FOMC minutes: A few see chance of rate hikes "relatively soon"

In the last meeting chaired by Ben Bernanke, a few on the FOMC saw a chance of rate hikes "relatively soon." As for forward guidance in which the Fed promised to hold Fed Funds near 0% after the 6.5% unemployment rate threshold was crossed - it's pretty much done with. “Participants agreed that, with the unemployment rate approaching 6.5 percent, it would soon be appropriate for the Committee to change its forward guidance."

As for how that guidance might be replaced, there looks to be some confusion, with some wanting a lower threshold, and others not so interested in a hard number.

The minutes show little concern about the string of soft economic data to start the year (meeting was held Jan. 28-29). "Participants cited a number of factors that were likely to continue to underpin gains in household spending, including rising house prices, growing confidence in the sustainability of the economic expansion, increasing payrolls."

Comments (18)
  • DeepValueLover
    , contributor
    Comments (11388) | Send Message
    Americans on a fixed income, 40 million strong, DEMAND an interest rate hike NOW!
    19 Feb 2014, 02:11 PM Reply Like
  • King Rat
    , contributor
    Comments (1902) | Send Message
    Yes, that is their civil right! High rates for fixed income, low rates for mortgages!


    No, that does not go far enough. Let's just make housing, food, gas, cell phones, and internet free, all jobs pay $40/hour, and demand 0% inflation. Let's throw in free unicorns with 3D glasses to better see the rainbows.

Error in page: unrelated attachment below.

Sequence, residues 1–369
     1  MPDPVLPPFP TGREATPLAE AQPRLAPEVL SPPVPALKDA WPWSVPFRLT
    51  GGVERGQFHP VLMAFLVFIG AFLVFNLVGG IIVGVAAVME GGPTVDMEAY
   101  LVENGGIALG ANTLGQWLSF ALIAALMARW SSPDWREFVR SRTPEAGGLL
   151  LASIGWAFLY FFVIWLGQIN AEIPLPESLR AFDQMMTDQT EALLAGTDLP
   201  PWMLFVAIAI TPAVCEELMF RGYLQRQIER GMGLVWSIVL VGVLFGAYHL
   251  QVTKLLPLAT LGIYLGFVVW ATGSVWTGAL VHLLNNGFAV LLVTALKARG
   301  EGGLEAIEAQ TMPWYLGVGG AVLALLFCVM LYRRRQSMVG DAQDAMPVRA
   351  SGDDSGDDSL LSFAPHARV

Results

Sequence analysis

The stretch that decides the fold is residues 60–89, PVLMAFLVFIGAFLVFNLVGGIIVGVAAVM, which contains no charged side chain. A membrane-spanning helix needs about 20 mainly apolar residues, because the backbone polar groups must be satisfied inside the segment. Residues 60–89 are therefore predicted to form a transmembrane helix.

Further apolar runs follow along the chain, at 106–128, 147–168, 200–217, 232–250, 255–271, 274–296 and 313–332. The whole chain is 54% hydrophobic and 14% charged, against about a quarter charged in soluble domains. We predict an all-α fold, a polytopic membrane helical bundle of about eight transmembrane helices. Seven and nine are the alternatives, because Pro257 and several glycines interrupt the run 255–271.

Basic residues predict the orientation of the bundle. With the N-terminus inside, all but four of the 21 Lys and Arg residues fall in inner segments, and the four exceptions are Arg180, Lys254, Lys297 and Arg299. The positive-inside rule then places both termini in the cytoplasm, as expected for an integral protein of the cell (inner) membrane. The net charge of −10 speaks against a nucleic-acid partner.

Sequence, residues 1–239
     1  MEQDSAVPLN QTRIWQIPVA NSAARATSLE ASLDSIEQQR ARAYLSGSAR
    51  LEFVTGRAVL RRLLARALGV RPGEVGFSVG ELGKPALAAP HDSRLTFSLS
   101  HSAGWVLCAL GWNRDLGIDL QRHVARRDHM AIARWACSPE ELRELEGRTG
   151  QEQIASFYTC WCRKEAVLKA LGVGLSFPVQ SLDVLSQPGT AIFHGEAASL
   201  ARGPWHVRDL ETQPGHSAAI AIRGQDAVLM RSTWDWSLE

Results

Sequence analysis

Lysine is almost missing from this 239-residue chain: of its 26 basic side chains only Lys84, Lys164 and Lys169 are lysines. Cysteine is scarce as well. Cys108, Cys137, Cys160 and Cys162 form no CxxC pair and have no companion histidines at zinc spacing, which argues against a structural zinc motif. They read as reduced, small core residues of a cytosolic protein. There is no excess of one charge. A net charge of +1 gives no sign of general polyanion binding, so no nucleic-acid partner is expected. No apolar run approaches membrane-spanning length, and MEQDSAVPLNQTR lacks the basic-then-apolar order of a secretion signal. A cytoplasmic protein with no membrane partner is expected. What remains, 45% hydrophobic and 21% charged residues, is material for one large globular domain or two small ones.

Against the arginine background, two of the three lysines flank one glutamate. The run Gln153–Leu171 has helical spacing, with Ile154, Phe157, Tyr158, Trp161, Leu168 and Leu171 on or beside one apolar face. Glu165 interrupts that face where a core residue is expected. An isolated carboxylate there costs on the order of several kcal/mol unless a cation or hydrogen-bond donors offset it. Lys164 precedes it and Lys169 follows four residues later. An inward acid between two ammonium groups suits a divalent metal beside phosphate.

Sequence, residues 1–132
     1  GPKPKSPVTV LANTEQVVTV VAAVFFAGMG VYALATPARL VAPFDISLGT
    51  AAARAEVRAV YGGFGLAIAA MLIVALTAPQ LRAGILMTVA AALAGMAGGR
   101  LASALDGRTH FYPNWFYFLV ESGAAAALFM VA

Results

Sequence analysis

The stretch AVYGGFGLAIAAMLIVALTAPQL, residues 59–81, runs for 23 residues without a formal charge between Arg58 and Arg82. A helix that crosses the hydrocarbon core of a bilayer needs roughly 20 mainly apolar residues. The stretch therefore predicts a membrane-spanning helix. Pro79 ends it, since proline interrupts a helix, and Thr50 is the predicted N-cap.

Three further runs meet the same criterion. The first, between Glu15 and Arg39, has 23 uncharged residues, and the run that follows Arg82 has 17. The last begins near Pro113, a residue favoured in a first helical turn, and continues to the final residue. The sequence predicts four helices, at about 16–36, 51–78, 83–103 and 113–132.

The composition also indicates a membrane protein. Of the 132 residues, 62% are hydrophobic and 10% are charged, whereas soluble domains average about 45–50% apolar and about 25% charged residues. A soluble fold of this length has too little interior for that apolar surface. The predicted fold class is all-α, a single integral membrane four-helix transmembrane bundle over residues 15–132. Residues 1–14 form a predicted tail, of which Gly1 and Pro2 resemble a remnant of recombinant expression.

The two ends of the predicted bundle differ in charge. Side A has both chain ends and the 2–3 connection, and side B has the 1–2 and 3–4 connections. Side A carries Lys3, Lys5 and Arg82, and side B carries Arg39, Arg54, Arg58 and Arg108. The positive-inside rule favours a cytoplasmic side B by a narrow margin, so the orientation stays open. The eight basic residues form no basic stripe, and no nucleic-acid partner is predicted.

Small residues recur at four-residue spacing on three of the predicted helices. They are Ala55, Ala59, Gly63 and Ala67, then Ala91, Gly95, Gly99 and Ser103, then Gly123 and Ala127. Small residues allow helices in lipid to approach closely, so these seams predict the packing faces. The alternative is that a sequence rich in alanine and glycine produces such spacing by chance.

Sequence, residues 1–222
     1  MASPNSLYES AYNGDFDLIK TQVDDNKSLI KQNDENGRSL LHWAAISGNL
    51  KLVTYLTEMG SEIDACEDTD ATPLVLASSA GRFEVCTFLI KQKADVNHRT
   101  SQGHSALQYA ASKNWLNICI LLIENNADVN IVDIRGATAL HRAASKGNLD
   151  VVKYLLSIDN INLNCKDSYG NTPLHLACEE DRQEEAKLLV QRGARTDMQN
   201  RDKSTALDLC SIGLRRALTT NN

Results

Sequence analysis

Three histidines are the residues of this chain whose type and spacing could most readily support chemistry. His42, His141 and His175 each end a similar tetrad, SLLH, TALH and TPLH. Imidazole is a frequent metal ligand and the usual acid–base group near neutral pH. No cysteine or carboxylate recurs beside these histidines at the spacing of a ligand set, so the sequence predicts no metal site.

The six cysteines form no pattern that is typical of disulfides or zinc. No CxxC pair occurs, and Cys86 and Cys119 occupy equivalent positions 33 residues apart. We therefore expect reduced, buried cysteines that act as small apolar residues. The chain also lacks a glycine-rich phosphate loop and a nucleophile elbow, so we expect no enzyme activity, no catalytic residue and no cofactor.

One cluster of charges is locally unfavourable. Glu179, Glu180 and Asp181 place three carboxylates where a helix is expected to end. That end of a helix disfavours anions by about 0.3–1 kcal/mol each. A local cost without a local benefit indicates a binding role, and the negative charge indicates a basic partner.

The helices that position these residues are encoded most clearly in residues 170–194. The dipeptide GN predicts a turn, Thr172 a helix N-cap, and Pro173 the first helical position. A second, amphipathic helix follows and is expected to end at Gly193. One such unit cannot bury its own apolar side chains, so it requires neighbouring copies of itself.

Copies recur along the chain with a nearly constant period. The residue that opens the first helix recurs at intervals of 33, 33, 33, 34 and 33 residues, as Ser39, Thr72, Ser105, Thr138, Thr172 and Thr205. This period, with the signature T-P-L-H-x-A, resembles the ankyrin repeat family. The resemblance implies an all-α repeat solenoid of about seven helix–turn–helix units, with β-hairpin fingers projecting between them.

19 Feb 2014, 02:24 PM Reply Like
  • Minutemen
    , contributor
    Comments (2296) | Send Message
    I might be interested. What's the trade-in plan on those free cell phones?
    19 Feb 2014, 02:33 PM Reply Like
  • DeepValueLover
    , contributor
    Comments (11388) | Send Message
    I think people who fought in WWII, Korea and Vietnam are just some of the Americans who deserve more than a 0.02% return on their savings accounts but, hey, I could be wrong...maybe they don't deserve that at all.


    Remember when decent income could be derived from a certificate of deposit or a money market account?


    If not then you are younger than 45.
    19 Feb 2014, 03:35 PM Reply Like
  • mobyss
    , contributor
    Comments (2653) | Send Message
    You know, when you see the yield curve invert you can always load up on 10-years and ride the coming recession out.
    19 Feb 2014, 03:38 PM Reply Like
  • DeepValueLover
    , contributor
    Comments (11388) | Send Message
    How can you guarantee that principal will not decline?
    19 Feb 2014, 03:39 PM Reply Like
  • Brice Mckalip
    , contributor
    Comments (201) | Send Message
    I think Modyss' point was that the principal WILL decline.
    Capital doesn't deserve a guaranteed return; it can either take the low and even negative returns of safety or take the market risks of equity.


    As someone who is admittedly under 45 I may be off base, were those CD returns you reference really that good after taxes and inflation? 12% CD return @ 35% tax rate looks pretty messily with high single digit inflation rates.
    20 Feb 2014, 01:11 PM Reply Like
  • DeepValueLover
    , contributor
    Comments (11388) | Send Message
    Brice, I think the younger folk are unfamiliar with the world of savings before the Federal Reserve raped it.


    I doubt many young people have even heard of the phrase "passbook savings account".


    That is the problem.
    20 Feb 2014, 10:08 PM Reply Like
  • King Rat
    , contributor
    Comments (1902) | Send Message
    What I wonder is, did they expect labor participation rate to be so low when they drew this 6-7% line in the sand? At constant labor participation when rates first went to ZIRP, we'd be north of 8% unemployment still.